American Women Scientists: 23 Inspiring Biographies, 1900-2000.
Moira Davison Reynolds, AMERICAN WOMEN SCIENTISTS: 23 INSPIRING BIOGRAPHIES, 1900-2000. Jefferson, NC: McFarland & Co., 2004 [paperback reprint of 1999 hardcover]. 149p. bibl. index. $24.95, ISBN 0786421614.
A cytologist who demonstrated that the Y chromosome determines maleness; a psychiatrist who disputed Freud's theories; a computer programmer who championed the COBOL language. Six Nobel laureates. From Astronomy to Zoology, Moira Davison Reynolds profiles women trained in a variety of scientific disciplines in American Women Scientists: 23 Inspiring Biographies, 1900-2000. Starting with Cornelia Clapp and ending with Mary Good, the volume also includes biographies of Annie Jump Cannon, Gerty Cori, Barbara McClintock, Virginia Apgar, and Rachel Carson. Surprisingly, no African-American women are included.
Aimed at a popular audience, each four- to six-page biography provides family and personal history, outlines the scientist's formal training and employment, and highlights the scientist's contribution to her chosen field. Reynolds does an excellent job of explaining the scientific and historical context within which each woman worked. Although American Women Scientists is heavy on the first half of the twentieth century, the profiles of later women are bolstered by personal communication with the author, herself a retired biochemist. An illustration accompanies each biography. Reynolds cross-references the biographies where appropriate, and the bibliography includes primary research by the scientists profiled. The unique strength of Reynolds' work is in combining the personal stories of these women with their professional struggles and accomplishments. Unfortunately, too much emphasis is placed on physical appearance. This approach can make these highly specialized scientists more real to the reader. For example, we learn that experimental nuclear physicist Chien-Shiung Wu, noted for her beauty, ordered her clothing from China as a continued connection to her homeland. However, it can also lead to some wild conclusions. For example, public-health reformer Florence Sabin "accepted the fact that she lacked good looks and had to wear glasses; this may have contributed to her decision to reject marriage in favor of a demanding career" (pp.31-32). Within each biography, the chronology itself can be confusing. Luckily, the women profiled shine despite Reynolds' style remarks and choppy prose.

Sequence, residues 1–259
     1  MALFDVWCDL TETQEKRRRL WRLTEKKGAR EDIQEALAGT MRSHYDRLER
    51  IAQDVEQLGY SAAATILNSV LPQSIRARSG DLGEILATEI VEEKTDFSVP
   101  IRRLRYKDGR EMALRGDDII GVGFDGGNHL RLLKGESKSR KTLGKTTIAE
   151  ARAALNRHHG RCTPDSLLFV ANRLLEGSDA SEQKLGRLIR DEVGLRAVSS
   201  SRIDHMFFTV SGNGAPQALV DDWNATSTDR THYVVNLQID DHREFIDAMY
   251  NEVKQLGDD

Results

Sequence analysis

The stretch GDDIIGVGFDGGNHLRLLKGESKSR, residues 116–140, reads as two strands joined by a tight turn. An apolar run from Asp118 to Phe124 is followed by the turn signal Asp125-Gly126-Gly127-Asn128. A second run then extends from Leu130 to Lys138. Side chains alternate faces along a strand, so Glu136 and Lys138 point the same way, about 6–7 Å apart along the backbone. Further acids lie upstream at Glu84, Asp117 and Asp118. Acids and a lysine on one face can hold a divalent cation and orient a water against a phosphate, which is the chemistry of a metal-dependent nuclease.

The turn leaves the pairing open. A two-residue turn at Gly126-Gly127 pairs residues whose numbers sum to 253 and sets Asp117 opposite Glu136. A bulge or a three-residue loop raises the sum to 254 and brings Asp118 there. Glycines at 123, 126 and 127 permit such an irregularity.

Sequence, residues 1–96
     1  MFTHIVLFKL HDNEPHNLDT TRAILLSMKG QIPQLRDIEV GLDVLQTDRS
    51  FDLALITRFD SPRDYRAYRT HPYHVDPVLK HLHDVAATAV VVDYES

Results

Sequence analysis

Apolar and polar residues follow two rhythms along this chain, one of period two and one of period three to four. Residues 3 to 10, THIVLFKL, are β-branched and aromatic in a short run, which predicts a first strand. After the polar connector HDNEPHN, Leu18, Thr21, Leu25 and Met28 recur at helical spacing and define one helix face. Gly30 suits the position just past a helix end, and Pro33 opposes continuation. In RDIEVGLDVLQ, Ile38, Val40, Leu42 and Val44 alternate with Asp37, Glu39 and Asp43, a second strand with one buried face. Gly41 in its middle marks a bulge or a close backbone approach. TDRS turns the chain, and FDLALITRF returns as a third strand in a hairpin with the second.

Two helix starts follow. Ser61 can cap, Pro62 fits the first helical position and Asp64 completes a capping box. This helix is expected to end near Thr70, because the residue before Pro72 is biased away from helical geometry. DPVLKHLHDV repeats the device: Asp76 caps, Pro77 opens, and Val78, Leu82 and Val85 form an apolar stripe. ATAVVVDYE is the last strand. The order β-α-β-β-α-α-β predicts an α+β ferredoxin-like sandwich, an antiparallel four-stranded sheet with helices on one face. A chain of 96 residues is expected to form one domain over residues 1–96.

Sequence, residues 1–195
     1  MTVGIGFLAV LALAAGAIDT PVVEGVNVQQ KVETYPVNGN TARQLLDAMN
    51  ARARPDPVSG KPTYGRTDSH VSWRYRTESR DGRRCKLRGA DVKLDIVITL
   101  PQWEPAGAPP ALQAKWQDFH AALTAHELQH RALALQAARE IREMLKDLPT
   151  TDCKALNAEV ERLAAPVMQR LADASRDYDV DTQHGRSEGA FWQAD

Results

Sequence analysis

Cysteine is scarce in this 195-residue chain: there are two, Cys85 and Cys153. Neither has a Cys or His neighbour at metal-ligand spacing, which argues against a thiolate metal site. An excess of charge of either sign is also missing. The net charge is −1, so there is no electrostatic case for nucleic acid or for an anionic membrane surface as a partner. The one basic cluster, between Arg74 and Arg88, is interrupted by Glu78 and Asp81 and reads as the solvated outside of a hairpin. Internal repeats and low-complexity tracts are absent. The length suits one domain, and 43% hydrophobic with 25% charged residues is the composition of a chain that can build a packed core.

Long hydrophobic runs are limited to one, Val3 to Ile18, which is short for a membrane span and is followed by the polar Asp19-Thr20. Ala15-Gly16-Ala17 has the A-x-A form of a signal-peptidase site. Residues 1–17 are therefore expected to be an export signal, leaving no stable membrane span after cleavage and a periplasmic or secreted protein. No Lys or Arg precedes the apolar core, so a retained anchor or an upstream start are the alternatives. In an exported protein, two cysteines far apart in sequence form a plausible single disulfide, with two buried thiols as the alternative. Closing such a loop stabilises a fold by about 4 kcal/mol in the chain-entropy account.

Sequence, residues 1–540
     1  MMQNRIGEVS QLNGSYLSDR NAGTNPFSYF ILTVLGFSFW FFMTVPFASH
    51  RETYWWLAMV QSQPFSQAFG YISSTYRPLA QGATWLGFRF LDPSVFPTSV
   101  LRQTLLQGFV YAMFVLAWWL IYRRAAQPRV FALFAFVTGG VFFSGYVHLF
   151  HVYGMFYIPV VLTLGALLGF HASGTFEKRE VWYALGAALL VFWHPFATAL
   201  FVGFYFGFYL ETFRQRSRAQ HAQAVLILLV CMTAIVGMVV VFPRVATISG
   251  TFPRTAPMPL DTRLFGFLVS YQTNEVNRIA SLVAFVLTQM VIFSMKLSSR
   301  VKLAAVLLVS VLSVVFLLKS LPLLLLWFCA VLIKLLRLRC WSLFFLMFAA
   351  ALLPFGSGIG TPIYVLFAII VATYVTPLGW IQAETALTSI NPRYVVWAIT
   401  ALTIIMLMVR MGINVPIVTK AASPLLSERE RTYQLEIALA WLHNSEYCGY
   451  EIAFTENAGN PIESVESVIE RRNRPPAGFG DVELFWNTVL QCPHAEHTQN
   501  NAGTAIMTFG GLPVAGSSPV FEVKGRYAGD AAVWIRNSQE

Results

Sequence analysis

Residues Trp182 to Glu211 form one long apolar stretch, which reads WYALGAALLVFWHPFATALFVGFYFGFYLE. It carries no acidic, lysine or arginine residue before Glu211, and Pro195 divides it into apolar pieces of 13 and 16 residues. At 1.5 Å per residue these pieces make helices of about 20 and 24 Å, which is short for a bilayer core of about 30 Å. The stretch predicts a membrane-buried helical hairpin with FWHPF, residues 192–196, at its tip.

In her epilogue, Reynolds highlights some common threads among the women she has chosen: supportive families, dedication, perseverance, and enthusiasm for science. She gives the general reader an idea of what it means to be a successful scientist (male or female) in academia and in industry. Reynolds rightly comes to no definitive conclusions about the work vs. marriage debate but simply states, "To include marriage and children in a successful career is a continuing problem for women" (p. 140).
With its substantial entries, American Women Scientists can serve as a complement to other biographical dictionaries and encyclopedias of women in science. Useful for its wide variety of scientific disciplines, this volume of personal and professional stories of American women scientists should inspire the next generation of scientists.
[Kate Anderson is an Associate Academic Librarian at Wendt Engineering Library, University of Wisconsin-Madison.]
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|Publication:||Feminist Collections: A Quarterly of Women's Studies Resources|
|Article Type:||Book review|
|Date:||Sep 22, 2004|
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